For poetry makes nothing happen: it survives
In the valley of its making where executives
Would never want to tamper, flows on south
From ranches of isolation and the busy griefs,
Raw towns that we believe and die in; it survives,
A way of happening, a mouth.
For she was a child, throwing bread to the ducks, between her parents, and at the same time a grown woman coming to her parents who stood by the lake, holding her life in her arms which, as she neared them, grew larger and larger in her arms, until it became a whole life, a complete life, which she put down by them and said, “This is what I have made of it! This!” And what had she made of it? What, indeed?
“You born today,” he could not resist murmuring although there was no one within earshot, “a life of incredulity and magnanimity opens out around you, incredulity at the greatness of your designs and magnanimity that turns back to support these projects as they flag and fail, as inevitably happens. But draw comfort meanwhile from the fact that the planets have congregated to haruspicate at your birth; they can no longer disentangle themselves but are fixed over you, showering down material and immaterial advantages on whoever has the patience to remain immobile for a while, mindless of the efforts of his coevals to better themselves at the expense of humankind in general.”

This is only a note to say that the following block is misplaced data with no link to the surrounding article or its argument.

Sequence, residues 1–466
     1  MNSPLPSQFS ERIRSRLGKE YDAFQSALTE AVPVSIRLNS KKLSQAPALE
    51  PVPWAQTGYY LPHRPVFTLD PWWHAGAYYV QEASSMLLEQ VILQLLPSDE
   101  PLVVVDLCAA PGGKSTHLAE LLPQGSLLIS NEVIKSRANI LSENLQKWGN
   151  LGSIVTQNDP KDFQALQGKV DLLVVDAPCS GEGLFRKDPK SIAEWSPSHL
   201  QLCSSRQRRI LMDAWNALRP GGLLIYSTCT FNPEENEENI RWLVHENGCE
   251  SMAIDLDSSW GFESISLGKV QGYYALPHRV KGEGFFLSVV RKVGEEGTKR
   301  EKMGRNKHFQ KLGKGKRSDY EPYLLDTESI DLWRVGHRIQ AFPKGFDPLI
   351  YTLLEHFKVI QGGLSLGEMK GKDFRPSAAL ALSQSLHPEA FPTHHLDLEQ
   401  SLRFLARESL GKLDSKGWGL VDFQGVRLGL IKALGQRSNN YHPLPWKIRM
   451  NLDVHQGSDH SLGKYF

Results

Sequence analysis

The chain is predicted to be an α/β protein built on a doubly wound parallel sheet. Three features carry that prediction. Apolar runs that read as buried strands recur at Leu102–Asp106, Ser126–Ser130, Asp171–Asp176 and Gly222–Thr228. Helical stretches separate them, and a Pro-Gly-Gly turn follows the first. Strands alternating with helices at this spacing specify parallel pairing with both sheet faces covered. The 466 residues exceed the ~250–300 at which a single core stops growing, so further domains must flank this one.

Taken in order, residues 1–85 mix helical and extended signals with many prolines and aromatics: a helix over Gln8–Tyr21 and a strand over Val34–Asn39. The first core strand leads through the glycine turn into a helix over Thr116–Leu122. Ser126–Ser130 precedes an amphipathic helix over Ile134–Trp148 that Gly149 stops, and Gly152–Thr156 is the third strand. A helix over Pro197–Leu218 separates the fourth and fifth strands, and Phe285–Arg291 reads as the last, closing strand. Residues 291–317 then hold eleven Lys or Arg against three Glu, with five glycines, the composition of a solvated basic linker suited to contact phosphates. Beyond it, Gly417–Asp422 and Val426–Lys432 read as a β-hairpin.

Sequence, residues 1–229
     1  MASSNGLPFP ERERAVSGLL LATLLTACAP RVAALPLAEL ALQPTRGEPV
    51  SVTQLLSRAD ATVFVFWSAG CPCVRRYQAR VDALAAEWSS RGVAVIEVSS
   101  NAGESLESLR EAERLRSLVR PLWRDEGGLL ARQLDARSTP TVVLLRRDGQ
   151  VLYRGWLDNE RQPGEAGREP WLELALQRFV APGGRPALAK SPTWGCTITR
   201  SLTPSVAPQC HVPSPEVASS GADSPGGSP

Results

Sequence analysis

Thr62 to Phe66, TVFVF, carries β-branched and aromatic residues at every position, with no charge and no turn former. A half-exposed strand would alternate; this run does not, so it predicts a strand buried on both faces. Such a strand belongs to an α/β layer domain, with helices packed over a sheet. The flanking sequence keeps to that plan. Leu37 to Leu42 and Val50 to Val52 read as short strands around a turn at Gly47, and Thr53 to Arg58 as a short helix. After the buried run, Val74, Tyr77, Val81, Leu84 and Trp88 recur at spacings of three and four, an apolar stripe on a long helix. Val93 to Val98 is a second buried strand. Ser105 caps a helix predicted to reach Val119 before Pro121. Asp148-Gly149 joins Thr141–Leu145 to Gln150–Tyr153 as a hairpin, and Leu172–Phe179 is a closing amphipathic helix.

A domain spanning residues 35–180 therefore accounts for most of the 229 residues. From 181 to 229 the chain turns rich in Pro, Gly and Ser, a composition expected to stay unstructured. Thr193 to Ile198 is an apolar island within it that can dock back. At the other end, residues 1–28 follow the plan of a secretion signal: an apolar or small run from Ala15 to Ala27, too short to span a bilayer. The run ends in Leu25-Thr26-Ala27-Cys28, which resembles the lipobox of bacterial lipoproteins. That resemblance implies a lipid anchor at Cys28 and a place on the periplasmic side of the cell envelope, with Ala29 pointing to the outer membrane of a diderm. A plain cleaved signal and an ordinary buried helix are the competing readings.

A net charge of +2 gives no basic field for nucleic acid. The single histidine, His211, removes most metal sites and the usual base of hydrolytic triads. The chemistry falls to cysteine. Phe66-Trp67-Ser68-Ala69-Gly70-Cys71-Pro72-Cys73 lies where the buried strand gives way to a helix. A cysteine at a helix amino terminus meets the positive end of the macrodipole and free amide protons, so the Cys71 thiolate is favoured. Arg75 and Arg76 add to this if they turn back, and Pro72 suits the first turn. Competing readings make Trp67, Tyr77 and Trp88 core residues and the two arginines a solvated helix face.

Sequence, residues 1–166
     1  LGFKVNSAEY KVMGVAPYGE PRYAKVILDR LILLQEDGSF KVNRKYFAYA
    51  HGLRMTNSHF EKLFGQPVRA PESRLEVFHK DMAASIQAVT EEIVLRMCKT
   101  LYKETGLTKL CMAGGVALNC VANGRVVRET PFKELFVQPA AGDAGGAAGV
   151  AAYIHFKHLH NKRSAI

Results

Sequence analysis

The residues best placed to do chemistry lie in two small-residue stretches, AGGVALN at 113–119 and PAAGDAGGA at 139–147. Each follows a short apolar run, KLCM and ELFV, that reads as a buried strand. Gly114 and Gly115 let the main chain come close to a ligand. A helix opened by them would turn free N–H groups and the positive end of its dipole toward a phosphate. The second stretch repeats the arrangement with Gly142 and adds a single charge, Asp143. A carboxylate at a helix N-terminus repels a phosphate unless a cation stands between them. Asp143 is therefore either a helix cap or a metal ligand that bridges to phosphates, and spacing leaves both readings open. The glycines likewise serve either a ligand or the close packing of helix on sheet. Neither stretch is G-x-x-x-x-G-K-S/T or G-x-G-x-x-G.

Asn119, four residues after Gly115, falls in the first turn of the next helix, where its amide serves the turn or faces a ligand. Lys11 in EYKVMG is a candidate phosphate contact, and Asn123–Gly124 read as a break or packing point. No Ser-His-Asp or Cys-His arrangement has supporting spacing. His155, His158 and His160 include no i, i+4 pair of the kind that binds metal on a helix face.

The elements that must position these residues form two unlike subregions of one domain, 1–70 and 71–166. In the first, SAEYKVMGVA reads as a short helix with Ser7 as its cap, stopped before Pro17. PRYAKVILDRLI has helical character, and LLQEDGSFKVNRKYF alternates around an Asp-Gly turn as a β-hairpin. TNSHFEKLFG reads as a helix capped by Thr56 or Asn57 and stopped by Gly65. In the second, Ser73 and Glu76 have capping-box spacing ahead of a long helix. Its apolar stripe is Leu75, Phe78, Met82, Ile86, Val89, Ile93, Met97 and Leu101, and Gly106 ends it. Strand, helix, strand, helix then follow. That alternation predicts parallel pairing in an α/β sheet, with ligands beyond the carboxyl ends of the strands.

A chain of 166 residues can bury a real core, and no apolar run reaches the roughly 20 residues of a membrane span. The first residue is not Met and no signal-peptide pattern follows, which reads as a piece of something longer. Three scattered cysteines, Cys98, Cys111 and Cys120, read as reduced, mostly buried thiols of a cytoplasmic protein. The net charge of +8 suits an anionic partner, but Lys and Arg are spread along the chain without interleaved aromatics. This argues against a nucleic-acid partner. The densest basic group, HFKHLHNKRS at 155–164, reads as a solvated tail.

She began to go slowly upstairs, with her hand on the bannisters, as if she had left a party, where now this friend now that had flashed back her face, her voice; had shut the door and gone out and stood alone, a single figure against the appalling night, or rather, to be accurate, against the stare of this matter-of-fact June morning; soft with the glow of rose petals for some, she knew, and felt it, as she paused by the open staircase window which let in blinds flapping, dogs barking, let in, she thought, feeling herself suddenly shrivelled, aged, breastless, the grinding, blowing, flowering of the day, out of doors, out of the window, out of her body and brain which now failed, since Lady Bruton, whose lunch parties were said to be extraordinarily amusing, had not asked her.
A first enlightenment came about when the spiritual teachers showed that humans are not so much possessed by demons as controlled by automatisms. They are not assailed by evil spirits, but by routines and inertias that force them to the ground and deform them. What impair their reason are not chance errors and occasional errors of perception – it is the eternal recurrence of the cliches that render true thought and free perception impossible.
Next to Gautama Buddha, Plato was the first epidemiologist of the spirit: he recognized everyday opinion, the doxa, the pestilence that does not kill, but does occasionally poison entire communities. Empty phrases that have sunk down into the body produce ‘characters ‘. They mould humans into living caricatures of averageness and turn them into incarnated platitudes.